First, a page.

12:00-6:00 PM University of Toronto Galleries (p.70-71) FREE Bus Tour Leaves at 1:00 & 2:00 from Hart House, University of Toronto
3:00–5:00 PM Talk to the Pie 2 (p.44) Artist talk with Jesika Joy, Dena DeCola & Karin E. Wandner, Emily vey Duke & Cooper Battersby and Andrea Cooper Gladstone Hotel Art Bar PWYC $
10:00 AM-2:30 PM Don’t Believe the Hype: Media Literacy Youth Workshop (p.45) National Film Board of Canada FREE
2:30-5:30 PM Fits and Stars: Stop-Motion Youth Workshop (p.45) National Film Board of Canada FREE
9:00 AM-5:00 PM 2-Day, 3-D, Ta-Da! 16mm Animation Workshop (p.45) Workman Arts Joseph Workman Theatre FREE
9:00 AM-5:00 PM 2-Day, 3-D, Ta-Da! 16mm Animation Workshop (p.45) Workman Arts Joseph Workman Theatre FREE
2:00–4:00 PM Lida Abdul Artists Reception (p.75) Preﬁx ICA FREE
3:00-5:00 PM Talk to the Pie 3: Artist talk Alissa Firth-Eagland, Jani Ruscica and Aurora Reinhard (p.44 Gladstone Hotel Art Bar PWYC $
4:00–6:00 PM Talk to the Pie 4: ifpod Panel discussion (p.44) Panel on new platforms for mobile dissemination With Gerry Flahive (NFB), Deirdre Logue (Vtape), Dana Inkster, Clive Holden and David Craig (Teleﬁlm Canada). National Film Board of Canada PWYC $
10:00 AM-2:30 PM B.Y.O.S. Time-capsule: Animation Youth Workshop (p.45) National Film Board of Canada FREE
10:00 AM–2:30 PM Scratch’n Riff: 2-D Animation Youth Workshop (p.45) National Film Board of Canada FREE
3:00–5:00 PM Talk to the Pie 5: Artist talk with David Dinnell, Rae Staseson, Vanessa Renwick (p.44) Gladstone Hotel Art Bar PWYC $
3:00 PM Film not Bombs: A Tribute to Helen Hill (p.42) Joseph Workman Theatre PWYC $ (donations for family fund)
5:00 PM International Shorts 7: Spaces Continuously Dissolve and Collapse Only to Separate Again (p.40) Portraits that traverse generations, light, memory and place. (work by Sarah Pucill, Ben Rivers and others) Joseph Workman Theatre PWYC $
5:00 PM The World As We Know It (p.44) Curated by Jan Schuijren (Work by Yael Bartana, Jeroen Kooijmans and others) Joseph Workman Theatre $10/$8
10:00 PM Images Opening Party Gladstone Hotel Ballroom $5 (free with Opening Gala ticket) Gladstone outdoor projection: Pop!Garden, Sean Capone (p.31) DJ Isabelle Noël
7:00 PM MOMENTUM 1: (p.24) David Poole & Currency of Culture Panel Joseph Workman Theatre $15/$12 9:00 PM International Shorts 2: From Looking to Telling (p.33) Shark Guts, Broken Ankles, and Ghosts of the Arctic (Work by Brett Kashmere, Andrea Cooper and others) Joseph Workman Theatre PWYC $ 9:00 PM MOMENTUM and David Poole Appreciation Party InterAccess FREE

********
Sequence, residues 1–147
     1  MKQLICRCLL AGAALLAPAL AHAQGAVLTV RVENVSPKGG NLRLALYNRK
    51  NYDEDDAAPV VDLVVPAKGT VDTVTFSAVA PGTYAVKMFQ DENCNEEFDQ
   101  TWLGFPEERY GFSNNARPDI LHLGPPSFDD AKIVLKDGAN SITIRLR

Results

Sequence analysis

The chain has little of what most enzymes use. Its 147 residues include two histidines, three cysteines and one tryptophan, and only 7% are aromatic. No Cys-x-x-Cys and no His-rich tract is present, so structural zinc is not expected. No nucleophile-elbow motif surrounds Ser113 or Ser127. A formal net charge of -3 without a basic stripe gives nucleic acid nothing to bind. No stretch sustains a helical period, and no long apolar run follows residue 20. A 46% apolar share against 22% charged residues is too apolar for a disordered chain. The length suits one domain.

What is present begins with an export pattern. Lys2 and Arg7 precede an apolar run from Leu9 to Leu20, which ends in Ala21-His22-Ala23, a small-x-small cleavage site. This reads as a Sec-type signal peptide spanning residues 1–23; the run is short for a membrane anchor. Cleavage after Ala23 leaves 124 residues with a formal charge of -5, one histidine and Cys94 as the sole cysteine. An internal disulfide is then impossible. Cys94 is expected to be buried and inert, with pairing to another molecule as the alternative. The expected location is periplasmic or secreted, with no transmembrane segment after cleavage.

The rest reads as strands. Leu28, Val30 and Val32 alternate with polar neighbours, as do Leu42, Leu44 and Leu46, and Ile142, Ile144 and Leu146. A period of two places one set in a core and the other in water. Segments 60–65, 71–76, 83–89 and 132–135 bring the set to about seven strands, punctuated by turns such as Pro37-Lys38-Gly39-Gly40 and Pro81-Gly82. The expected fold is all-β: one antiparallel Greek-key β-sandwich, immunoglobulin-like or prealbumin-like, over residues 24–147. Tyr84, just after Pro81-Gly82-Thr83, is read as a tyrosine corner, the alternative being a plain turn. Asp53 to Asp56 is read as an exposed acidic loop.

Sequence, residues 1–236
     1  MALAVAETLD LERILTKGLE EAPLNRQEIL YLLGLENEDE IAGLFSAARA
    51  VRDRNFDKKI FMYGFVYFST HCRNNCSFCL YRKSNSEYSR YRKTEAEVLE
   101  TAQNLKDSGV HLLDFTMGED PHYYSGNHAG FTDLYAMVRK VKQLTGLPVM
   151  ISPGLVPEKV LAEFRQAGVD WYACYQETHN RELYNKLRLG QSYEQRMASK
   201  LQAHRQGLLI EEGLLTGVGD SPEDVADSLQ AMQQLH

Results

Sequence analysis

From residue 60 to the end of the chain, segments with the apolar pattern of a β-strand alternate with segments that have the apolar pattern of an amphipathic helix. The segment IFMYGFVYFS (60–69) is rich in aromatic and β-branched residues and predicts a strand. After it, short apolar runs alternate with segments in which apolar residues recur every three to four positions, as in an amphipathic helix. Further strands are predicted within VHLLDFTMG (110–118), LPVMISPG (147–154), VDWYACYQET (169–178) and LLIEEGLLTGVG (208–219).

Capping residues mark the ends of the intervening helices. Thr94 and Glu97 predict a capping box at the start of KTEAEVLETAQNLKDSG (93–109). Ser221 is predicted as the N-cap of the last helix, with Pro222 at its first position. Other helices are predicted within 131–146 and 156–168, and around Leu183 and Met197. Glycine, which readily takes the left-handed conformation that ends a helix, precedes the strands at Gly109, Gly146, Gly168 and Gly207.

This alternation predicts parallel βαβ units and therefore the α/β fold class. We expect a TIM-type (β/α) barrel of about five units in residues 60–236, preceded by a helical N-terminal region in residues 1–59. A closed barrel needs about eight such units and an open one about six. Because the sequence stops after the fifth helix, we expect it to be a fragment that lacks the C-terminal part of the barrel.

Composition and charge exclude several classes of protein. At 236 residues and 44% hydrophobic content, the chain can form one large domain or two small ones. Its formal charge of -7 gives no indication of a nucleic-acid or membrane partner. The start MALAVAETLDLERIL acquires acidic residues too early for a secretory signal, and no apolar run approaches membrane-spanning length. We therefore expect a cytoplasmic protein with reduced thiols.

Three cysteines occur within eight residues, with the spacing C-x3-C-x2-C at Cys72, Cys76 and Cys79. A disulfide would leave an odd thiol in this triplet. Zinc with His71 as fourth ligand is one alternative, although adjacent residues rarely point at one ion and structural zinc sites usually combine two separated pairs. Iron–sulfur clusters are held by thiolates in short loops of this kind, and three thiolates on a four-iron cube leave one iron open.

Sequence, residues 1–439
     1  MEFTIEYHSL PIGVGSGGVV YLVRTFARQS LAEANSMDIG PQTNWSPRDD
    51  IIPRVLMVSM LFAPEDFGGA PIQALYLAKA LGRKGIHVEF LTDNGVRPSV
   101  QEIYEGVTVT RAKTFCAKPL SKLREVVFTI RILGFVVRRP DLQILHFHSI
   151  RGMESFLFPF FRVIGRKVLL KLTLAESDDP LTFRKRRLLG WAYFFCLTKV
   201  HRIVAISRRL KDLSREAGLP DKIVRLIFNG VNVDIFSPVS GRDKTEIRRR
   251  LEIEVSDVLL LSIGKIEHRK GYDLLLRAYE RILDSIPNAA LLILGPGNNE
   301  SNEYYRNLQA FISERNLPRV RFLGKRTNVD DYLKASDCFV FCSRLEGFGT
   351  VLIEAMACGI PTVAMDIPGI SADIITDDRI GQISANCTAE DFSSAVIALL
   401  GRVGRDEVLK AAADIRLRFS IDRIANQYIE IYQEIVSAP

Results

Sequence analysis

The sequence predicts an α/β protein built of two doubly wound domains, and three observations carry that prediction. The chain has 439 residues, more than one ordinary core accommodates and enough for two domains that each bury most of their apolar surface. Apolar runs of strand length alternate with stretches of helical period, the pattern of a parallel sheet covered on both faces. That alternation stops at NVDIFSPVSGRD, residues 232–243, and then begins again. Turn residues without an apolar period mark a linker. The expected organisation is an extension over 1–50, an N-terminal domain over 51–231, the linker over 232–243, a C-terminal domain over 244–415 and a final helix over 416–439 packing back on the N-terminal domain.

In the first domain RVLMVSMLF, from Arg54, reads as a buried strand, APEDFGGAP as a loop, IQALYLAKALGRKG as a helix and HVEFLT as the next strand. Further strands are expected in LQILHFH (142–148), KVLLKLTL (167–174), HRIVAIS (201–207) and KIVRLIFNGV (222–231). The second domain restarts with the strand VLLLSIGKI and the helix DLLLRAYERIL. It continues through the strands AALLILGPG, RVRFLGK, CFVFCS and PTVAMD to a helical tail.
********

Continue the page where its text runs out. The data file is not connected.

12:00–5:00 PM Off Screen Gallery Openings (p.44) Participating galleries +Gallery Walking Tour Tour #1: Meet at Images Ofﬁce at 12:30 PM (Suite 448, 401 Richmond) Tour #2: Meet at Images Ofﬁce at 1:30 PM FREE 2:00 PM/4:00 PM (en français) Talk to the Pie 1: Chantal DuPont (p.44) Conférence-atelier avec Chantal DuPont (French-language artist talk at 4:00 PM) Vtape GRATUIT $ FREE 5:00 PM International Shorts 3: Five Portraits of Political Uncertainty (p.34) Experimenting with non-ﬁction via animation, re-enactment, and landscape (Work by Speculative Archive, Jenny Perlin, Christina Battle and others) Joseph Workman Theatre PWYC $ 5:00–7:00 PM John Porter’s Photo Opening (p.102) Gladstone Hotel FREE 7:00 PM MOMENTUM 2: Toby Heys & Christof Migone (p.24) Joseph Workman Theatre $15/$12 9:00 PM International Shorts 4: The Light That Shines Through the Fog of Desperation (p.35) Lives lived on camera (Work by Hester Scheurwater, Jesika Joy and others) Joseph Workman Theatre PWYC $ 10:30 PM Off Screen Launch Party Gallery TPW DJ Pamila Matharu FREE
4:00 PM Live Images 1: Hitoshi Toyoda’s NAZUNA (p.55) Silent slideshow presentation National Film Board of Canada $10/$8 7:00 PM MOMENTUM 3: DeeDee Halleck & Jayce Salloum (p.25) Joseph Workman Theatre $15/$12 9:00 PM Live Images 2: S.P.I.R.A.W.L. & Prisoner of War (p.56) Joseph Workman Theatre $10/$8 10:30 PM Live Images 3: Light and Motion at Wavelength Indie music night with Tinkertoy and Scarborough A/V (p.57) Sneaky Dee’s PWYC $
5:00 PM Kingdom Come – Emergent Finnish and Swedish Video Art (p.36) Curated by Alissa Firth-Eagland Joseph Workman Theatre $10/$8 7:00 PM International Shorts 5: The Only Hope That Remains Is The Camera Itself (p.37) (Work by Peter Simon, Jennet Thomas and others) Joseph Workman Theatre PWYC $ 9:00 PM MOMENTUM 4 Phil Minton & Michael Snow (p.25) Gladstone Hotel Ballroom $15/$12
5:00 PM International Shorts 6: A Dirty Pixel Cocktail (p.38) Mysteries unfold, forever unsolved through the lens. (Work by Seoungho Cho, Corinna Schnitt and others.) Joseph Workman Theatre PWYC $
5:00-7:00 PM Thomas Köner & Jürgen Reble opening reception at Goethe-Institut (p.67)
7:00 PM MOMENTUM 5: Sook-Yin Lee and Anayansi Diaz-Cortes (p.26) Joseph Workman Theatre $15/$12 9:00 PM S is for Student (p.39) A program of 11 outstanding works by media arts students from Canada and around the world. Joseph Workman Theatre PWYC $ 10:30 PM S is for Student Party Lot 16 FREE
7:00 PM MOMENTUM 6: Philip Hoffman & Jürgen Reble (p.26) In discussion, moderated by Bart Testa Goethe-Institut $8/$5 9:00 PM MOMENTUM 7: Christopher Eamon & Lori Zippay (p.27) Goethe-Institut $8/$5